Financial Planning Lessons from the Covid-19 Crisis

Leslie Beck |

None of us expected an economic upheaval spawned by a health crisis as the year began.

As I discuss some of the lessons and takeaways from the Covid-19 crisis, you’ll probably recognize some of the themes. Let’s not forget that the fundamentals–the core financial precepts–are always the building blocks of any credible financial plan.

  1. Money at the end of the month. Saving for an emergency cannot be underestimated. Three to six months is optimal. But there is an added benefit–financial peace of mind.

It’s reflected in the proverb “The borrower is servant to the lender.” It’s not that I would counsel against a mortgage for a home or a reasonable loan for a car. But accumulation of wants (not needs) through the use of debt doesn’t bring contentment.

Instead, it brings stress. I have seen it over and over. You want money left at the end of the month, not a month left at the end of your money.

A financial cushion eliminates one of life’s worries.


  1. Wants vs. needs. Many of us have learned to do without certain things during quarantine. Whether we wanted to or not, we were forced to cut back on certain items.

Ask yourself this question, “As businesses reopen, are there things I can do without? Can I continue to cutback and still maintain my lifestyle?”

Many of our entertainment options have been curtailed. As we emerge from our homes and businesses reopen, are there items that can be trimmed from your budget permanently?

It’s not a cold turkey approach, i.e., no more eating out, sporting events, travel, or entertainment. But can we reduce expenditures on some items without sacrificing our overall lifestyle?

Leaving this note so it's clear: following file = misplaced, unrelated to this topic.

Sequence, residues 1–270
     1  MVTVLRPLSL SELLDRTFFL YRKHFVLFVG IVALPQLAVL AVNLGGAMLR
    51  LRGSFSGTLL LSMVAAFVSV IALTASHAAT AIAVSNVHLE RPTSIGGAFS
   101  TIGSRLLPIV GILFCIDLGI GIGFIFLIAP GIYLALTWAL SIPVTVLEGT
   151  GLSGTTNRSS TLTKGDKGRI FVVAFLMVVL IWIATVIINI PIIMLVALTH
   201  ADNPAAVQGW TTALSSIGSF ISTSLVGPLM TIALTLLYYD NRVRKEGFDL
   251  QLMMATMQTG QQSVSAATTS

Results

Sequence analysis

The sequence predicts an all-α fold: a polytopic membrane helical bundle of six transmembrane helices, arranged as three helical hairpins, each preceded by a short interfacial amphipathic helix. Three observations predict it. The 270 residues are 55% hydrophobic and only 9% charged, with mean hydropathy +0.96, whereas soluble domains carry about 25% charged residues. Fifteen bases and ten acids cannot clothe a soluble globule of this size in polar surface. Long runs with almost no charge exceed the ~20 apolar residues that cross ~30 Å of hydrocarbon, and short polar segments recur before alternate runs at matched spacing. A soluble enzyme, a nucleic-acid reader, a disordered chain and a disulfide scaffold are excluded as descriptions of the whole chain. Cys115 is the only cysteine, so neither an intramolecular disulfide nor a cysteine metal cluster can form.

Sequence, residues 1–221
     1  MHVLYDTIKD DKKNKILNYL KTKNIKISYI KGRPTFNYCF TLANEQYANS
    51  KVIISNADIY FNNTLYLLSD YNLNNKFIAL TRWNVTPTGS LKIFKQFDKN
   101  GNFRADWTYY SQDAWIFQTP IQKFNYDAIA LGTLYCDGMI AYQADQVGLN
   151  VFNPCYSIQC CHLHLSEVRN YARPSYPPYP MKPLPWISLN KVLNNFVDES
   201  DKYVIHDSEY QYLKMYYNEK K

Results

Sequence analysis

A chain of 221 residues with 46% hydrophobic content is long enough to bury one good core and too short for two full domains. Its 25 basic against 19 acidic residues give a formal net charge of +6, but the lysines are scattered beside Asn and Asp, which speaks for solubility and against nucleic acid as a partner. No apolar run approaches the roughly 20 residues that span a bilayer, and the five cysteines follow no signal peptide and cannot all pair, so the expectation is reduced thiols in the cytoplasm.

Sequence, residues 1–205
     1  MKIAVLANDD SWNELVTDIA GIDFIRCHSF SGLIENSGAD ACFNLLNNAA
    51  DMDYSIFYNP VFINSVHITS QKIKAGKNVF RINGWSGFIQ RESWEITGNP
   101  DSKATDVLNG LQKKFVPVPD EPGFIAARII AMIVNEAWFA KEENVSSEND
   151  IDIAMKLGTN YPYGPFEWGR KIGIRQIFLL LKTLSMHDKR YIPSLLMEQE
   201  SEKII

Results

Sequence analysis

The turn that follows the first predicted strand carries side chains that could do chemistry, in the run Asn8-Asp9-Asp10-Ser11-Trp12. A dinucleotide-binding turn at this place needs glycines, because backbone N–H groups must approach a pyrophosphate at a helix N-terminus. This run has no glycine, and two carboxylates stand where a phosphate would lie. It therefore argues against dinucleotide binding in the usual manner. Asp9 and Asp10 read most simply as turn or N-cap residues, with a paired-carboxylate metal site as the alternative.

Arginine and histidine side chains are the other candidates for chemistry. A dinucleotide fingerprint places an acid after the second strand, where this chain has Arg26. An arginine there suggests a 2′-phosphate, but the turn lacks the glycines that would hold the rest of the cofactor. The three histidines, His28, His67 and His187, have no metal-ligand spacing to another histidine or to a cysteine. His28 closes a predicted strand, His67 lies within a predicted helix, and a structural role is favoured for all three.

1. Diversification and tolerance for risk. We’ve just witnessed an unusual amount of stock market volatility. Calling it a rollercoaster does not fully capture the experience.

The major indexes have erased much of their losses. Yet, how did you fare emotionally when stocks took a beating. Now is the time to reevaluate your tolerance for risk. We’d be happy to assist and make any adjustments as they relate to your longer-term financial goals.


  1. Expecting the unexpected. From its March 2009 low to the February 2020 high, the bull market ran for over 10 years (measured by the S&P 500 Index). We know bear markets are inevitable, but I recognize that the onset of a steep decline may be unnerving.

Nonetheless, a well-diversified portfolio of stocks has historically had an upside bias. That upside bias is incorporated into the recommendations we make, even as our recommendations are tailored to your individual circumstances and goals.

Further, a healthy mix of fixed income helped cushion the decline. While we monitor events and the markets over a shorter-term period, let’s be careful not to take our eyes off your longer-term goals.

Be proactive, not reactive

The steps above are a broad overview and individual circumstances may vary.

Taking inventory is critical. It’s half the battle. Be proactive, not reactive. You may find you are in a much better position than you realized. As always, we are here to help.

I understand the uncertainty facing all of us. We are grappling with an economic and a health care crisis. It’s something none of us have ever faced. If you have questions or concerns, let’s have a conversation.